Nacchio's worried, he won't show it
By Al Lewis,
Wednesday, December 21, 2005
It's an image nobody captured on camera: Former Qwest CEO
Joe Nacchio was led into a federal courtroom Tuesday wearing
He had spent most of the day in federal custody, just across
the street from the Qwest tower, where he once had an
expansive view of the Rocky Mountains from the 52nd floor.
The handcuffs, and a missing belt and tie, were the only
signs of Nacchio's brief detention.
His pressed white shirt and dark navy slacks did not succumb
to wrinkles in the holding tank. And, as he scanned faces
in the gallery, his bright, inquisitive eyes did not appear
to reveal contrition or despair.
After a federal officer removed his cuffs, Nacchio sat
quietly beside his two lawyers and calmly folded his hands
on the table. He cracked a smile or two after surrendering
his passport and signing documents to be released on a $2
million personal-recognizance bond.
Then, it was back to the handcuffs and out the prisoner door
to be processed for release.
Nacchio did not look comfortable. But all things
considered, he did not look perturbed, either. If anything,
he looked like a man who was certain of his innocence and
that the handcuffs would not be on for very long.
After the hearing, Nacchio's attorney Herbert Stern promised
reporters his client would be exonerated.
Read the 42-count indictment, and you will see why this case
is so thin, said Stern, a friendly man who was renowned in
the 1970s for battling New Jersey government corruption as a
prosecutor and judge.
The indictment can be viewed as either stingy on details or
elegant in its simplicity. Each of the 42 counts lists a
stock sale Nacchio made between January and May 2001 and
fits on a single line across the page. There are also about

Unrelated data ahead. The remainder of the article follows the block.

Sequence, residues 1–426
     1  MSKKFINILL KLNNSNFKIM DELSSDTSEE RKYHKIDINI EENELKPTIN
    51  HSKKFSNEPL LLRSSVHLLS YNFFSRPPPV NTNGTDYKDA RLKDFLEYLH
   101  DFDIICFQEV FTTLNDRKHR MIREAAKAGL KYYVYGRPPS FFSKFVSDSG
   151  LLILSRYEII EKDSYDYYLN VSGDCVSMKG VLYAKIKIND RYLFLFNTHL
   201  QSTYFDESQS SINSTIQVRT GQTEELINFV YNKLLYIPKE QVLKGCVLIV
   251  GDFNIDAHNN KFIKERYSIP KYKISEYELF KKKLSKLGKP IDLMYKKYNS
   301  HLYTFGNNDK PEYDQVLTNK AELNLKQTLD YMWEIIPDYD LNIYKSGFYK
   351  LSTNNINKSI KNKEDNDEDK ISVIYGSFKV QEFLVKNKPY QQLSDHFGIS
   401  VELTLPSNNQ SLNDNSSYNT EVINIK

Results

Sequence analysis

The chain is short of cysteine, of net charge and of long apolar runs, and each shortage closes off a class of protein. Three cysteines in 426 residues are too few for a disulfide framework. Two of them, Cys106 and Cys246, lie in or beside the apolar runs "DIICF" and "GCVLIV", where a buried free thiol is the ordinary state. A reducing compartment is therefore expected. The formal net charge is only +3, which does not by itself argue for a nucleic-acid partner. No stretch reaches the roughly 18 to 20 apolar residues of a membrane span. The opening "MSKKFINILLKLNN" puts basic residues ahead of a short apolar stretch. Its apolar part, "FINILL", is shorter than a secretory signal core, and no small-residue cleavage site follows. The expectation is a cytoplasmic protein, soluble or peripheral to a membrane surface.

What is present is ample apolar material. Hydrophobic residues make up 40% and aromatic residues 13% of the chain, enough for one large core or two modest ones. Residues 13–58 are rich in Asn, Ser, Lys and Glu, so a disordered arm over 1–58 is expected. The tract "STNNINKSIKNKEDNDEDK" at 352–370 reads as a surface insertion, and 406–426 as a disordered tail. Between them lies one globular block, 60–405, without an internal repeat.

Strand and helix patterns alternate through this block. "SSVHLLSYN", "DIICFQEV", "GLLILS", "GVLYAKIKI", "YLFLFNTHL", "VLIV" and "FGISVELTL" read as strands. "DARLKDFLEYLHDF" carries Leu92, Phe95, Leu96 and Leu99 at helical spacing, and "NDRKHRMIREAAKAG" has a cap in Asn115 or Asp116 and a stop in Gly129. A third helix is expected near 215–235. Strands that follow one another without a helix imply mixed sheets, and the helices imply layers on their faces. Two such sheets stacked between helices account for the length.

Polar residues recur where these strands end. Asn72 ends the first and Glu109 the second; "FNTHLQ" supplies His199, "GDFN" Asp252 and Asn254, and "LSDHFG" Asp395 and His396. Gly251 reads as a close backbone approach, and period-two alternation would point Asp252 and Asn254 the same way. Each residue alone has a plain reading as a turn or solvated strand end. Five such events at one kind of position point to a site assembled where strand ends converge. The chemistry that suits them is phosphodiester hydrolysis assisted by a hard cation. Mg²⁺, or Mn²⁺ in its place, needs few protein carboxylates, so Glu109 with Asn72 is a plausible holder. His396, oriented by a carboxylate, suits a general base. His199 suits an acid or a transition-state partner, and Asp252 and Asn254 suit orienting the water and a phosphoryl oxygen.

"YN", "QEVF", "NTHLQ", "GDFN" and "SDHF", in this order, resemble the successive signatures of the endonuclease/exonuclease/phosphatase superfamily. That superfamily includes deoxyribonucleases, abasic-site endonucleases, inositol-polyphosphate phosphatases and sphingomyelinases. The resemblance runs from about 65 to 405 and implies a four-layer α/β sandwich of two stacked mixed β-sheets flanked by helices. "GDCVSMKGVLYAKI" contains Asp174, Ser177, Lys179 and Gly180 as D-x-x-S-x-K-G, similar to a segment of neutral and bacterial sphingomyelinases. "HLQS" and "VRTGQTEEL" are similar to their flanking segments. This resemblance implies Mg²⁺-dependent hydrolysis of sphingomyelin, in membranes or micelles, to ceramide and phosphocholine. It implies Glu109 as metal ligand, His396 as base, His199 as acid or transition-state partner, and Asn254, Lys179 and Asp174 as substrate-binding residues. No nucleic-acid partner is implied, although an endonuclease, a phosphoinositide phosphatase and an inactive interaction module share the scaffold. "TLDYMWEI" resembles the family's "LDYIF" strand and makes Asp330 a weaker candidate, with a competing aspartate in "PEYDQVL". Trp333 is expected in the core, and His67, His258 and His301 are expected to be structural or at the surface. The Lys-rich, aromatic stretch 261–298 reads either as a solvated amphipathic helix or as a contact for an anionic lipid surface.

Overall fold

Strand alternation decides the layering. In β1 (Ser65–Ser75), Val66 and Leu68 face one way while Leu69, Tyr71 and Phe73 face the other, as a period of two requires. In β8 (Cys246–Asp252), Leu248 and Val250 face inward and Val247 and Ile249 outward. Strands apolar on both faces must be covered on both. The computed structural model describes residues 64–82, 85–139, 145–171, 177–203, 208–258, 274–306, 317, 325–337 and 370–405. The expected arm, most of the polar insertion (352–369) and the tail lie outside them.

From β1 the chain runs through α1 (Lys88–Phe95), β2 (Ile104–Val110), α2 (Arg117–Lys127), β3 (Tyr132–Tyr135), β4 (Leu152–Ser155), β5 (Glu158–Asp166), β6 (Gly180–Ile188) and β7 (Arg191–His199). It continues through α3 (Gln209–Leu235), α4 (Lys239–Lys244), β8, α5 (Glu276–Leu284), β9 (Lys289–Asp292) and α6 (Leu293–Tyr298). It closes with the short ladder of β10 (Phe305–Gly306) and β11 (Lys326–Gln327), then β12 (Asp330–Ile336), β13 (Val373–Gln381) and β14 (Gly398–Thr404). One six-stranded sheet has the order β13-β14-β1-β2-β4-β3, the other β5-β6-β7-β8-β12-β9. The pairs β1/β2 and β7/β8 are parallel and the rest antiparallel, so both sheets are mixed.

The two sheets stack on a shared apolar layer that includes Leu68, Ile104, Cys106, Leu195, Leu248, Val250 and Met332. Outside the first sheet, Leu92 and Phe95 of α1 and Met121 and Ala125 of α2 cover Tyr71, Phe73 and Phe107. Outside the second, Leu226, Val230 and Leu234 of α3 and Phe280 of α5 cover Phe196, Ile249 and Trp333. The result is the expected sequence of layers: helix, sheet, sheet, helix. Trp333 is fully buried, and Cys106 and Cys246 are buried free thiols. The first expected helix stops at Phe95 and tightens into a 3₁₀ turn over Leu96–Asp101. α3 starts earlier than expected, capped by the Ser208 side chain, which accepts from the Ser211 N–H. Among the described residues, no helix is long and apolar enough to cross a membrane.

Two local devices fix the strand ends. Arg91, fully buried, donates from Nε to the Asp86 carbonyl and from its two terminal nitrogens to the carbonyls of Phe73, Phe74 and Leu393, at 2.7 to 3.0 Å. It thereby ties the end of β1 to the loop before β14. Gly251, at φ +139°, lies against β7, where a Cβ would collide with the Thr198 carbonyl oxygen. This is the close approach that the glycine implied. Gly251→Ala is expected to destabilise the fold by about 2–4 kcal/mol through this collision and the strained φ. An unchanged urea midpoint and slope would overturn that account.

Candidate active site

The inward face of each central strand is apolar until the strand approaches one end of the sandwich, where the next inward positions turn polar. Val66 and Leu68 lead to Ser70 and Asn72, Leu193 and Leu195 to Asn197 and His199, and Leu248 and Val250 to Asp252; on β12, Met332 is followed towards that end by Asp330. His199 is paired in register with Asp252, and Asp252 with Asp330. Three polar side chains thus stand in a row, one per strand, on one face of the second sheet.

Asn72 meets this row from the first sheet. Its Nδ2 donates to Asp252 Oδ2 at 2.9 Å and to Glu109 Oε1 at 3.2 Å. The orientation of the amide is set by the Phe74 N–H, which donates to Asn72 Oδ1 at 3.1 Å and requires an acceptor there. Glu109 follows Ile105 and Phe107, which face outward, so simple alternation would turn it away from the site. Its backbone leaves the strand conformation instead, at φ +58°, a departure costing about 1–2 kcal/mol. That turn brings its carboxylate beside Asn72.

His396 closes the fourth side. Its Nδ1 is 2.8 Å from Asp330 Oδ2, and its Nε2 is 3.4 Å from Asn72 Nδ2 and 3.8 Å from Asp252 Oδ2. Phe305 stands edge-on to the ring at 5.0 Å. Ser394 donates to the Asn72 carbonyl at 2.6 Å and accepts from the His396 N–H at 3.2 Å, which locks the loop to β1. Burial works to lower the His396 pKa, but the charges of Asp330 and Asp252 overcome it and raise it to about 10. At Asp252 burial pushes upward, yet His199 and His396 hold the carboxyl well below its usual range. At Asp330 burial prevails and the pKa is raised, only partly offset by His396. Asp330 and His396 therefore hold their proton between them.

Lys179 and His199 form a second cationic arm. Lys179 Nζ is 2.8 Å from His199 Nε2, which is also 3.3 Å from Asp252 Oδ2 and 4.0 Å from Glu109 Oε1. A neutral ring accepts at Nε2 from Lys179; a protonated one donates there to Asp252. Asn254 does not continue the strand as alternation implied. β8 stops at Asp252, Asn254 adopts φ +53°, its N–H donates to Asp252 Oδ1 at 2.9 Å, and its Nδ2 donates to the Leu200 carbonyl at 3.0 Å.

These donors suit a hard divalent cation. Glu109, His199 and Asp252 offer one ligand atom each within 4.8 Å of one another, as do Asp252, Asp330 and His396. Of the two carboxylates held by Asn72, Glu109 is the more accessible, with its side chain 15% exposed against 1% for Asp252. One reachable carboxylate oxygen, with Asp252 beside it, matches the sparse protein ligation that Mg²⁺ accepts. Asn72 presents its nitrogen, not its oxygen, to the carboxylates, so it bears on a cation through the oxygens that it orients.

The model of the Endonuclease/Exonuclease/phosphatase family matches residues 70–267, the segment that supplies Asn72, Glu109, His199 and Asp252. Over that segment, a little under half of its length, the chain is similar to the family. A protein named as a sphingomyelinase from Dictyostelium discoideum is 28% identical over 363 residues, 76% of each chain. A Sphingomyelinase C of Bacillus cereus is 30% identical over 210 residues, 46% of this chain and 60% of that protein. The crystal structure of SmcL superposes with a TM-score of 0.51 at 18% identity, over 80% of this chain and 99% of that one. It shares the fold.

five pages that allege Nacchio was aware of Qwest's downward
trajectory at the time of these trades.
After Nacchio got his tie and belt back, his demeanor
changed from calm and reserved to jovial.
"I look forward to us getting on with this," he told
reporters outside the court building after his release.
After more than three years since he departed from Qwest, he
said he finally knows the exact charges he is facing.
In June, attorneys representing Nacchio against a Securities
and Exchange Commission civil action argued that he was
guilty only of being optimistic about his company, or maybe
even engaging in a little "puffery."
Nacchio was famous for puffery, particularly when it came to
questions about his performance and pay.
"I should be allowed to make more than a second baseman,"
Nacchio famously told reporters at Qwest's annual meeting of
shareholders in 2001. "I create more economic value than
I don't know where that economic value is today.
But even after Qwest had to restate $2.5 billion in
revenues, put up $400 million to settle shareholder suits
and pay $250 million to settle charges from the SEC, Nacchio
apparently hasn't learned his lesson about puffery.
Denver Post reporter Tom McGhee approached Nacchio at Denver
International Airport on Monday evening to ask him what he
was doing in Denver.
"I'm going to be skiing," said Nacchio.
And why did he take a commercial flight? (Hmm. Was it
perhaps because the FBI and federal prosecutors considered
him a flight risk on a private jet?)
"I always flew commercial," Nacchio told McGhee.
Well, not always.
Nacchio's employment contract at Qwest gave him virtually
unfettered use of the company jets. Qwest even paid for air
travel for his family between New Jersey, where Nacchio kept
his home, and Denver, where he worked.
I suppose that Nacchio "always flew commercial" when he
wasn't flying on private aircraft. And perhaps, when
Nacchio spoke with McGhee, he fully intended to hit the
But then that FBI arrest kind of got in his way. And it's
hard to ski with handcuffs.
Al Lewis' column
regularly appears on Sundays, Tuesdays and Fridays. Respond
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